Militancy was eventually eradicated by the security forces. The alliance of Akali Dal (Badal) and the BJP scored a major victory in1997, in the first normal elections in the State in the post-militancy era. The State is once again preoccupied with questions of economic development and social change. Though religious identities continue to be important for the people, politics has gradually moved back along secular lines.
Note: This illustration is not a map drawn to scale and should not be taken to be an authentic depiction of India’s external boundaries.
In the North-East, regional aspirations reached a turning point in 1980s. This region now consists of seven States, also referred to as the ‘seven sisters’. The region has only 4 per cent of the country’s population but about twice as much share of its area. A small corridor of about 22 kilometers connects the region to the rest of the country. Otherwise the region shares boundaries with China, Myanmar and Bangladesh and serves as India’s gateway to South East Asia.
The region has witnessed a lot of change since 1947. Tripura, Manipur and Khasi Hills of Meghalaya were erstwhile Princely States which merged with India after Independence. The entire region of North-East has undergone considerable political reorganisation. Nagaland State was created in 1960; Meghalaya, Manipur and Tripura in 1972 while Arunachal Pradesh and Mizoram became separate States only in 1986. The Partition of India in 1947 had reduced the North-East to a land locked region and affected its economy. Cut off from the rest of India, the region suffered neglect in developmental terms. Its politics too remained insulated. At the same time, most States in this region underwent major demographic changes due to influx of migrants from neighbouring States and countries.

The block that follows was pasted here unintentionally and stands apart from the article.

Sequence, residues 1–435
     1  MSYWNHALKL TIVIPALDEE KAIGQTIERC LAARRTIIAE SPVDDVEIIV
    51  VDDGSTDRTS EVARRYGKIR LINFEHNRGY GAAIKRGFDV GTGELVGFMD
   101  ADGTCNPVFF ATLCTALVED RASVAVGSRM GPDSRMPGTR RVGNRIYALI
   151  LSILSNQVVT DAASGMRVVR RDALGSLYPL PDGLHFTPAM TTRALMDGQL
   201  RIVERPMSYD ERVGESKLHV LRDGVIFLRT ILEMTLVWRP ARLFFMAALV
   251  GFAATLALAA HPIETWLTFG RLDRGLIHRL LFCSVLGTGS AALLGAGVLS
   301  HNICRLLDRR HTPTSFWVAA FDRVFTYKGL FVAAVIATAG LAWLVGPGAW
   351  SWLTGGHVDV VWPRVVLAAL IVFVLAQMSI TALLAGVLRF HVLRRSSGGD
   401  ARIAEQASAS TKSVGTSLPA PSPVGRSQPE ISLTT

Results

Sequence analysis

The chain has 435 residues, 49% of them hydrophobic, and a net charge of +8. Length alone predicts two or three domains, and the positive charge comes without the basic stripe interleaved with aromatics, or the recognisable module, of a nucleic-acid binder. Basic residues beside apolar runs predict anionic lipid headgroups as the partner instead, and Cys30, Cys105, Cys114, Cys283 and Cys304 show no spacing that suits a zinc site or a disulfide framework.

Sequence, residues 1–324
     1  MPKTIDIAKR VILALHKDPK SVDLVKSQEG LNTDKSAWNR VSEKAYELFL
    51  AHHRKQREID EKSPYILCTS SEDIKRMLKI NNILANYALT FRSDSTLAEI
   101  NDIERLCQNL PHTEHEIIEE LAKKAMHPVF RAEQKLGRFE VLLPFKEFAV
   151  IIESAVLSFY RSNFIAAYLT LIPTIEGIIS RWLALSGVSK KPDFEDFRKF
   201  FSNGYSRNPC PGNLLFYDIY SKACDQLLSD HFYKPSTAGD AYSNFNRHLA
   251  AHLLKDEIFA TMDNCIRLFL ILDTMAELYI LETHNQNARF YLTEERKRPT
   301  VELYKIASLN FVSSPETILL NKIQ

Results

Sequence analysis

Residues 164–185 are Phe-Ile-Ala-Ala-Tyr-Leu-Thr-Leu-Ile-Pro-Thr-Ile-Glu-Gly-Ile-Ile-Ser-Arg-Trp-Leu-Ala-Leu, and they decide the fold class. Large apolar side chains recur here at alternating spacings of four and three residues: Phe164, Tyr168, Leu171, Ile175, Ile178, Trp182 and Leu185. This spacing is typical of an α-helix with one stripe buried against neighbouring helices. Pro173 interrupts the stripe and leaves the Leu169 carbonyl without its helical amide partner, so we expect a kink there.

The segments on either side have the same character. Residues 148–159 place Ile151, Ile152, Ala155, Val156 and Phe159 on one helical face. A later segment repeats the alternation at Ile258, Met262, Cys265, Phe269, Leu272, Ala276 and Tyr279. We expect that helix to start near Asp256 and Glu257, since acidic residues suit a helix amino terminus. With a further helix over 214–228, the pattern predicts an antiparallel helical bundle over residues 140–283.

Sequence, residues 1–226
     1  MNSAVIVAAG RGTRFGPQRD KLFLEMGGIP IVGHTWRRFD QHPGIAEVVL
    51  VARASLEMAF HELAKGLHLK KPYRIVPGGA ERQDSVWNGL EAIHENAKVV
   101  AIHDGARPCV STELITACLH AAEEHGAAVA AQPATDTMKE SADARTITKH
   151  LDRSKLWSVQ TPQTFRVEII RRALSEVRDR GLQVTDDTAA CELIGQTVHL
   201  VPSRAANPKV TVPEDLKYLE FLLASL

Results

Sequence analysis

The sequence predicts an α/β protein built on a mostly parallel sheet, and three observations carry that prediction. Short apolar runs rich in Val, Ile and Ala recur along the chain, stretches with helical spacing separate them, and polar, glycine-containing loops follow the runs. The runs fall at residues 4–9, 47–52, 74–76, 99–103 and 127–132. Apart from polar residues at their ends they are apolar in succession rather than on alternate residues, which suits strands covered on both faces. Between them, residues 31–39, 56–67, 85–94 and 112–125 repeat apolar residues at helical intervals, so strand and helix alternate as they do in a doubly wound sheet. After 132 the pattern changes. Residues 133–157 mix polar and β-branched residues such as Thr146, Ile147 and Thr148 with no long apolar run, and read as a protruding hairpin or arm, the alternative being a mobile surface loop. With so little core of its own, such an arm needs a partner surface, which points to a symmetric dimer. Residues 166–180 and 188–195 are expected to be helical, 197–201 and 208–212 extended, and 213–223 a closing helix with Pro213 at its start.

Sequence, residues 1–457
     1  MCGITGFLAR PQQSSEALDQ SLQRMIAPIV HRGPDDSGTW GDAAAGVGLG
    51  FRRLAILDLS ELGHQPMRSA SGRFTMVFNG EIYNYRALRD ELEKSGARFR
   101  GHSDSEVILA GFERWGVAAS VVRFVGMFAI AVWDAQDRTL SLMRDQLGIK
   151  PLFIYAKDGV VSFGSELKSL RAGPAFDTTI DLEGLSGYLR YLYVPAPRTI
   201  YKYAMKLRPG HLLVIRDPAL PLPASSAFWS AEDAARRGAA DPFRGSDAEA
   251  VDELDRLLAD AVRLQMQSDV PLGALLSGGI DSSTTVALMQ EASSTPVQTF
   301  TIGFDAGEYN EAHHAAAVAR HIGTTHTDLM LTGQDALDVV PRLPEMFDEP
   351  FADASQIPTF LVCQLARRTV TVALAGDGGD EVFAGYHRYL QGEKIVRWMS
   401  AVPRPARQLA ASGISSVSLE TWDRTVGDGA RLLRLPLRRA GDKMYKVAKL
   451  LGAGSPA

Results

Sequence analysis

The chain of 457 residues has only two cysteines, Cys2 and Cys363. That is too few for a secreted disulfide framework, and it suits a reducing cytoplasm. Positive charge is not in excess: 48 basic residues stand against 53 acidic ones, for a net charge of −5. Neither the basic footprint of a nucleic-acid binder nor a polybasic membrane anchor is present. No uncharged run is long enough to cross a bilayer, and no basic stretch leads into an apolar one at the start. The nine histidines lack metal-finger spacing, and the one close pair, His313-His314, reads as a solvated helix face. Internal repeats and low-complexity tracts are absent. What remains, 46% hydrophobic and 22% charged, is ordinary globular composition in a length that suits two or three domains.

The isolation of the region, its complex social character and its backwardness compared to other parts of the country have all resulted in the complicated set of demands from different states of the North-East. The vast international border and weak communication between the North-East and the rest of India have further added to the delicate nature of politics there. Three issues dominate the politics of North-East: demands for autonomy, movements for secession, and opposition to ‘outsiders’. Major initiatives on the first issue in the 1970s set the stage for some dramatic developments on the second and the third in the 1980s.